In a soft-spoken voice and a smile on her face, Wisner takes customers’ orders and asks them about their plans for the day. To some frequent customers she gives them a hug and asks them how they have been or what’s new with their lives.

“I like making my customers feel at home. It’s one big family atmosphere here at the café,” said Wisner after speaking with a few customers.

Over the last 15 years, The Bazaar Café has become a favorite hang out spot for Richmond District residents. Wisner has made an effort to offer a warm home feeling atmosphere that keeps customers coming back.

“This café is like your home, there’s always good energy and vibes,” said Alicia who works at the café. “Makiko makes sure you come here and feel part of the Bazaar family.”

For that very reason, it’s not a surprise Wisner is a beloved business owner among many Outer Richmond District residents and frequent customers of the café.

Growing up in Japan, Wisner longed for a new adventure and experience. She was always curious and interested in learning about other cultures and studied six years of English in Japan. This would later lead her to move to another country, the United States.

In 1967, Wisner’s curiosity and “the freedom America offered” led to her decision to come and study in the United States. After studying for two years in Oklahoma City, she decided to transfer to the University of San Francisco where she majored in Social Studies.

“I came to America all by myself at age 18 and I adapted pretty well to all the change. I absorbed everything and everything became a bit more natural,” said Wisner “Of course it wasn’t easy leaving my family. It was very hard, but this was a new adventure.”

Graduating from USF, Wisner couldn’t find a job in the Social Studies field. Instead, she bounced around jobs such as working as a senior guide at a museum history exhibit and was later an assistant in a law office.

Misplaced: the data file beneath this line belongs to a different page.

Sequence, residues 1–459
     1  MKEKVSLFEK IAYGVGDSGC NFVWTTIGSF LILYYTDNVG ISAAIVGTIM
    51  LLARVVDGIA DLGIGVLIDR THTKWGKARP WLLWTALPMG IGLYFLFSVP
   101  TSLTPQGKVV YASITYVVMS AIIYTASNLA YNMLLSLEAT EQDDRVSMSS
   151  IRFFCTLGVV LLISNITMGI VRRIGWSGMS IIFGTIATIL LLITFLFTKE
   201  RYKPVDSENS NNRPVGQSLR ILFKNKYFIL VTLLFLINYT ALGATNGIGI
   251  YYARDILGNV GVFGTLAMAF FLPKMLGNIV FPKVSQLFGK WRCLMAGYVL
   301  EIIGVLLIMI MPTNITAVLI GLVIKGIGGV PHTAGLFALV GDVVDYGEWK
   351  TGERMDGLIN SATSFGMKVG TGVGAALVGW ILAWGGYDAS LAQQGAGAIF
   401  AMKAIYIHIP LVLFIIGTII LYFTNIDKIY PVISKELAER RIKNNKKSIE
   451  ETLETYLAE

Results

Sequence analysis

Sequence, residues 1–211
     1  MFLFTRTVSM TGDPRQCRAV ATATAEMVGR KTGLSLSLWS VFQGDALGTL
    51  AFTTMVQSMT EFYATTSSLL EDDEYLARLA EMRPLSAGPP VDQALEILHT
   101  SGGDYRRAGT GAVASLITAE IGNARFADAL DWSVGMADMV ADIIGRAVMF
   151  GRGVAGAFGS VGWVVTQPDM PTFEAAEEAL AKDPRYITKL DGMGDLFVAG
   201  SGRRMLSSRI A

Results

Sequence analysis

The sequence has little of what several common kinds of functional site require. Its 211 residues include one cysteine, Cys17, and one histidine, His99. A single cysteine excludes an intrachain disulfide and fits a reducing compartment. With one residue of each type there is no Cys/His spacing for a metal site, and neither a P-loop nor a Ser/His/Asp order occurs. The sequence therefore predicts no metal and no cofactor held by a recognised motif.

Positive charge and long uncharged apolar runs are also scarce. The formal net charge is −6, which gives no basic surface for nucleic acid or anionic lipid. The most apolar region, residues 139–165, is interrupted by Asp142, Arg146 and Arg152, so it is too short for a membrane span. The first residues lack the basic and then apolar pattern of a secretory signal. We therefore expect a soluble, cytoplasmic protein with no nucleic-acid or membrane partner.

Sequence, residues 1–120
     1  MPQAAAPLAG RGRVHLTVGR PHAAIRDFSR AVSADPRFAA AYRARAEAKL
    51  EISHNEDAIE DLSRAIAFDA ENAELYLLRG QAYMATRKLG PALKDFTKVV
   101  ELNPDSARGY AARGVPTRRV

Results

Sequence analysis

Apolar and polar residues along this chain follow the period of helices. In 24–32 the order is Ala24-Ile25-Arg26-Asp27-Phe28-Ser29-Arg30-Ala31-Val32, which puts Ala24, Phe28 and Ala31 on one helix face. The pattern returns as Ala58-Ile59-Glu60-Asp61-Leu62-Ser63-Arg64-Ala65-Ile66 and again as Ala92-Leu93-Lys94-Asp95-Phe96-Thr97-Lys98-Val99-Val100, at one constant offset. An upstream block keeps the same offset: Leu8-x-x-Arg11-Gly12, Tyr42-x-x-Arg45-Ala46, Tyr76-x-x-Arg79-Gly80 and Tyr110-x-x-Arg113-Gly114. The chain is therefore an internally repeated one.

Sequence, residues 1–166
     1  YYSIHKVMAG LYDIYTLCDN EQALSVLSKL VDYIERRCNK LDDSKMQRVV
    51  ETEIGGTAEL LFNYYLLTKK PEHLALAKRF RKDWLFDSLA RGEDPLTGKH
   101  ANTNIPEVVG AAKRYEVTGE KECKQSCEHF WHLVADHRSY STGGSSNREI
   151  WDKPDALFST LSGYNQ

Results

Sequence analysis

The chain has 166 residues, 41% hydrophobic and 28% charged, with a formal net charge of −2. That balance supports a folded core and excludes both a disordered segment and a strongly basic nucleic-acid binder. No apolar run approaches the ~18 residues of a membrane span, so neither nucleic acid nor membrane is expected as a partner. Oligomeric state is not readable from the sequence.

In 1971, Wisner married to Les Wisner. They had a son who is now 37 years old and have three grandchildren.

“I’ve been married to Les for 43 years now. We started this cafe together and learned together about the business,” said Wisner with a smile and chuckled after she counted the number of years she’s been married. “After 15 years of hosting open mic nights, I still laugh when Les is in the corner of the café clapping really loud and making jokes throughout the night.”

In 1998, the Wisners were looking into opening a cafe where they could showcase local artists and musicians and create an inviting atmosphere for the neighborhood. Just a few blocks from their residence, they discovered a vacant cafe on California Street that soon became known as The Bazaar Café.

“I had no cafe experience. I had to learn from scratch what kind of license to get and what laws I needed to obey,” said Wisner. “You learn so much in the process. I learned how to run a business and deal with people of all kinds.”

The process of learning the new craft of running a café didn’t come easy, especially in the early years of The Bazaar Café.

“We had burglaries in our early years. One guy took the cash register and another guy took some checks we had,” said Wisner. “It was tough recovering from these burglaries but we learned to not keep any money or checks or anything like that out.”

The café is famous for its local musicians’ performances and open mic nights. Wisner enjoys supporting the local music scene of the Richmond District because “it’s real talent here in our own neighborhood.”

“My friend is a local musician and he’s played here once,” said Allison McDonnell who is a frequent customer of the café and attends many of the open mic nights. “Makiko is very supportive in helping local musicians share their music. She really cares about the local musicians.”

As she sits in the corner of the café smiling and looking around the small wooden floored, cozy café, it’s not a surprise the café is always packed and that she is a favorite business owner throughout the neighborhood.

“I love when old customers and people that once worked here come back to visit. It’s a great feeling to see how they are doing and what has changed in their lives,” said Wisner as she smiled and waved goodbye to a customer. “I’m happy with this connection I have with my employees and customers. I love it very much.”